A goal of modern neuroscience is to understand how genes
and their expression interact with neuronal network function
to produce complex behaviors. A unique strength of the NCBG
is its diverse faculty, who use a broad range of approaches
in multiple model systems. Three NCBG faculty, Susan
Birren, Sacha Nelson, Suzanne Paradis and Gina Turrigiano, work on mammals - principally mice.
is interested in how embryonic precursor cells respond
to local environmental cues during the development of
the mammalian nervous system. She has focused on the restriction
of neural precursor cells to specific neuronal lineages
and the development and function of synaptic connections.
Birren has a special interest in neurotrophins as well
as neurotrophin receptors and their role in lineage restriction
as well as plasticity. She is also collaborating with
Sengupta (see below) and exploiting the complementary
strengths of the mouse and C. elegans systems to
study mutations in the Arx system, a conserved
genetic pathway that underlies several forms of human
mental retardation and autism.
Sacha Nelson is interested in the mammalian neocortex, neuronal anatomy, circuitry and function. This brain region has an awesome complexity of neuronal morphologies, and Nelson has recently used microarray approaches to help define subtypes and even suggest functional specialization. In addition, Nelson
shares an interest with Gina Turrigiano in Rett's Syndrome, a major genetic cause of mental retardation. It is known that this disease is caused by the loss of a transcriptional repressor, and they study the physiological consequences in a mouse model of Rett's Syndrome. Nelson and Turrigiano
also share an interest in cortical circuitry, physiology and mechanisms of synaptic plasticity.
Suzanne Paradis focuses on the complex circuitry of the mammalian brain that enables the execution of fundamental cognitive processes such as learning, speech, and memory. Neural circuits are assembled via specialized sites of cell-cell contact and communication between neurons termed synapses. Aberrant synapse development can have pathological consequences for circuit function as demonstrated by the manifestation of devastating neurological impairments, including epilepsy and autism spectrum disorders. The aim of our research is to define the molecular program that underlies both excitatory and inhibitory synapse development with the goal of contributing to a greater understanding of neural circuit formation and function.
Gina Turrigiano has an additional focus on the role of early environmental influences on the development of cortical circuitry and the plasticity mechanisms that underlie optimal cortical development. Her lab is particularly focused on homeostatic scaling, a phenomenon she proposed to deal with the daunting
problem of simultaneously maintaining flexibility and stability of neuronal circuits. Birren, Nelson and Turrigiano are also working on the sleep problem from several directions: circuitry, physiology anatomy, and molecular biology, e.g., what happens to gene expression in response to sleep deprivation.
Four NCBG faculty, Paul Garrity, Leslie Griffith, Michael Rosbash and Piali Sengupta exploit invertebrate model systems, either the fruit fly Drosophila or the worm C. elegans. Both models are widely used, because many genes and processes central to the study of brain and behavior are conserved between humans and these organisms; their facile genetics and low cost are also appealing.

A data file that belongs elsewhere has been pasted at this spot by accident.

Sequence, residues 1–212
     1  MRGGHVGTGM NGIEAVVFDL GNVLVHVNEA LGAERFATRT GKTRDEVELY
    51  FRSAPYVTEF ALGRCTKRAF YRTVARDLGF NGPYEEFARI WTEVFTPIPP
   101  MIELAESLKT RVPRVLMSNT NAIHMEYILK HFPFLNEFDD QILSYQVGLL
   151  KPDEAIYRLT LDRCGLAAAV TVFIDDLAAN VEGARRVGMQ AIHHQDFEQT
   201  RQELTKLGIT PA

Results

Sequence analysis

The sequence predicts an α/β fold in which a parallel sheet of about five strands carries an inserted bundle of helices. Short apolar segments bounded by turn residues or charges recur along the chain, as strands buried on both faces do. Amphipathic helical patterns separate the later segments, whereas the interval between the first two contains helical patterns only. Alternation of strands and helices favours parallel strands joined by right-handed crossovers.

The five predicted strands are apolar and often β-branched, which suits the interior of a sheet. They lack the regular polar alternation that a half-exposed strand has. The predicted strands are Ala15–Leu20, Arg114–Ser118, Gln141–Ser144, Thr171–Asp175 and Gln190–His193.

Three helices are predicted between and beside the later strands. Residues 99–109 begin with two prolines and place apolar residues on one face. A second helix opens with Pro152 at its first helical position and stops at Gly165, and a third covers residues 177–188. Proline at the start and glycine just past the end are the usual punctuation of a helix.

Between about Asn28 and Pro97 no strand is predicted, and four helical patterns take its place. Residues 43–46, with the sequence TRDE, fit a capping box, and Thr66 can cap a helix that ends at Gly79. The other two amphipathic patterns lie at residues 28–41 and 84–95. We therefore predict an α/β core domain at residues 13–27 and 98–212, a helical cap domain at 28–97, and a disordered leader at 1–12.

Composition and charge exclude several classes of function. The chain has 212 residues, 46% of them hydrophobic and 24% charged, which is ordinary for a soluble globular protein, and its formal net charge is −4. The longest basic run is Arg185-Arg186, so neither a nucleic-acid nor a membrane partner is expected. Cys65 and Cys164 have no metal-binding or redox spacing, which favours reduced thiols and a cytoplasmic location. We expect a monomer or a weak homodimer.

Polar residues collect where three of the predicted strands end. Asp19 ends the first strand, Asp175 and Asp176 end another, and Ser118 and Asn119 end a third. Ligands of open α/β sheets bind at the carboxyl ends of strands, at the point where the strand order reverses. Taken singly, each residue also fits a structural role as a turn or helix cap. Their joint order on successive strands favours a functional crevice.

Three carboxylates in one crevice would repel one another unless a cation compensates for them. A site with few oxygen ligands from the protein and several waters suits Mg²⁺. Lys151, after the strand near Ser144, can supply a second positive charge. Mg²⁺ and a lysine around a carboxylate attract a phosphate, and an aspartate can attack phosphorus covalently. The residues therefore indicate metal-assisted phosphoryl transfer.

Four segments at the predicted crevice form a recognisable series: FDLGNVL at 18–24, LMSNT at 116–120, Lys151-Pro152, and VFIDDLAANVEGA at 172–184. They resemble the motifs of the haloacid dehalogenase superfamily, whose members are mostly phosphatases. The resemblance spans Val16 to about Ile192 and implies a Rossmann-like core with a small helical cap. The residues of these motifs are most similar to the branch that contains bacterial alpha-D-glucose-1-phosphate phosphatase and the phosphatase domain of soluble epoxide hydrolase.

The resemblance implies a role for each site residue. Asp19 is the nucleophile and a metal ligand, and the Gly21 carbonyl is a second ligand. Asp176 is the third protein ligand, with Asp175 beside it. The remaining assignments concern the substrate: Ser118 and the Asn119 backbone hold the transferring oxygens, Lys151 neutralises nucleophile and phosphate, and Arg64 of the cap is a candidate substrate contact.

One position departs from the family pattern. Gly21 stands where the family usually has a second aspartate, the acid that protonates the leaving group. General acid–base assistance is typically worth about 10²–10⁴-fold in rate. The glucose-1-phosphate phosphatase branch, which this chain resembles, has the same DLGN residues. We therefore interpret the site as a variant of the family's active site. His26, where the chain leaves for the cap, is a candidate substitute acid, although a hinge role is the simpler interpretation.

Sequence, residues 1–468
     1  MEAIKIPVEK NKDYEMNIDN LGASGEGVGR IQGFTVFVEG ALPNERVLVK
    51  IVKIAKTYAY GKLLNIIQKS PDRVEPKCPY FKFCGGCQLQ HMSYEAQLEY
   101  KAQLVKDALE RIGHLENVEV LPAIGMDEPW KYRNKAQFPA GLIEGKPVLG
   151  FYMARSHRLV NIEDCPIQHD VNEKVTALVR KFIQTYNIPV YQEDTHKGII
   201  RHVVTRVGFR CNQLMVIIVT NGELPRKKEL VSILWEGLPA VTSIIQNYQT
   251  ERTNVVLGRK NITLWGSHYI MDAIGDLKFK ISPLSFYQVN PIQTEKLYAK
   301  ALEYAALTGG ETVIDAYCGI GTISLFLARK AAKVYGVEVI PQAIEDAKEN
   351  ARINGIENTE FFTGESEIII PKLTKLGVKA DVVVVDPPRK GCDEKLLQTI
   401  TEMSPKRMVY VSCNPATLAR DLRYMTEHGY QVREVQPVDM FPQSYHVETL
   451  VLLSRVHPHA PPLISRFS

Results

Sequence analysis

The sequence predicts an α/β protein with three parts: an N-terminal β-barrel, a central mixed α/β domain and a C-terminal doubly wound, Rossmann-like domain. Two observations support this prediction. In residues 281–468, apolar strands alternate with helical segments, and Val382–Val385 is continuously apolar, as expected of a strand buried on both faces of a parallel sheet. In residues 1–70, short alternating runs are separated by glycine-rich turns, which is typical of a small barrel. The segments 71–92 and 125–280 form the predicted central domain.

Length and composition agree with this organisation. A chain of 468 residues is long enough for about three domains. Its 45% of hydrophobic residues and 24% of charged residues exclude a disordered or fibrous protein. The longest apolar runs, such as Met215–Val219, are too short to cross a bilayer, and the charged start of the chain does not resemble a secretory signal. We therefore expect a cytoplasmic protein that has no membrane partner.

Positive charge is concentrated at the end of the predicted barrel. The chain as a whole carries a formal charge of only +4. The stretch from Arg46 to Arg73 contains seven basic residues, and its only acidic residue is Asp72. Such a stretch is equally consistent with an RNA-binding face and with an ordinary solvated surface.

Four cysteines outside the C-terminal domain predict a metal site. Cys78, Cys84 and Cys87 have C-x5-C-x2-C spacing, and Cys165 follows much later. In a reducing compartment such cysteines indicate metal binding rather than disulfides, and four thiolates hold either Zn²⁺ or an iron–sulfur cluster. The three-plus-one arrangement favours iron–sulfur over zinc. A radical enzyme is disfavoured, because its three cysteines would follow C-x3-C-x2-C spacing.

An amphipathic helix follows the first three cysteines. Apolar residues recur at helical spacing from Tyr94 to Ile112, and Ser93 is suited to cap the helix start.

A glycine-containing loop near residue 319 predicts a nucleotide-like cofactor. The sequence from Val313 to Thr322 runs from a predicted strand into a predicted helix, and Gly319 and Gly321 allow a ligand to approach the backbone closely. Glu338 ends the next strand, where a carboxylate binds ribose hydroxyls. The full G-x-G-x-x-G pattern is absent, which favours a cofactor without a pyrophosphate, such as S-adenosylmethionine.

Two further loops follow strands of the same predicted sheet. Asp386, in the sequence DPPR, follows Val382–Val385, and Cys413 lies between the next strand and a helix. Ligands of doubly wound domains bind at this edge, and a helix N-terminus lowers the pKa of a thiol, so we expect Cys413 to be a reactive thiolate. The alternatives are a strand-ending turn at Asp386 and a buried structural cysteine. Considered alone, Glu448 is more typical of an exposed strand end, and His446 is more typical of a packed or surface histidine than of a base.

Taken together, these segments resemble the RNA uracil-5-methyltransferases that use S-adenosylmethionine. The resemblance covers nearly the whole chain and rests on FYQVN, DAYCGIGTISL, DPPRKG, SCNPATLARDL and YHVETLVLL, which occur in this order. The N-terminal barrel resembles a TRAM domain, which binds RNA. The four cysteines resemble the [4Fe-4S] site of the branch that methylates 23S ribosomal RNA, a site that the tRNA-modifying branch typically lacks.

Paul Garrity studies the molecular basis of sensory transduction and behavior in Drosophila and mosquitoes, focusing on the molecular detectors and neural circuits that sense temperature and chemicals. The molecular pathways involved are important for host-seeking behavior in insect vectors of diseases like malaria and Zika virus, and are also relevant to pain and inflammation in humans.
Piali Sengupta investigates how sensory neurons recognize environmental cues and drive appropriate changes in development and behavior. The lab studies the mechanisms by which sensory neurons acquire their unique morphological specializations, how these neurons respond to defined chemical and thermal cues, and how sensory behaviors are modulated as a function of the animals’ experience and their internal and external context.
Leslie Griffith focuses on regulation of the neuronal circuits underlying learning and memory using Drosophila. Much of the work is centered around the role of calcium/calmodulin-dependent proteins kinase II (CaMKII), an enzyme that is central
to memory formation in both invertebrates and mammals. Griffith is also interested in the circuitry that underlies sleep in flies. Although sleep was once considered to be an exclusively vertebrate behavior, it is now widely believed that invertebrates like Drosophila also sleep, and many critical features of human sleep can be studied in flies.
Michael Rosbash is also interested in fly sleep, which is an outgrowth of his interest in circadian rhythms. The circadian clock regulates a daily sleep cycle (alternating periods of alertness and sleep), in flies as well as in humans. This
cycle is aberrant in mutant fly strains as well as in certain human sleep disorders. Most if not all of the
key molecules that function to regulate circadian timekeeping
are identical between flies and humans, making this system
essential for understanding this problem.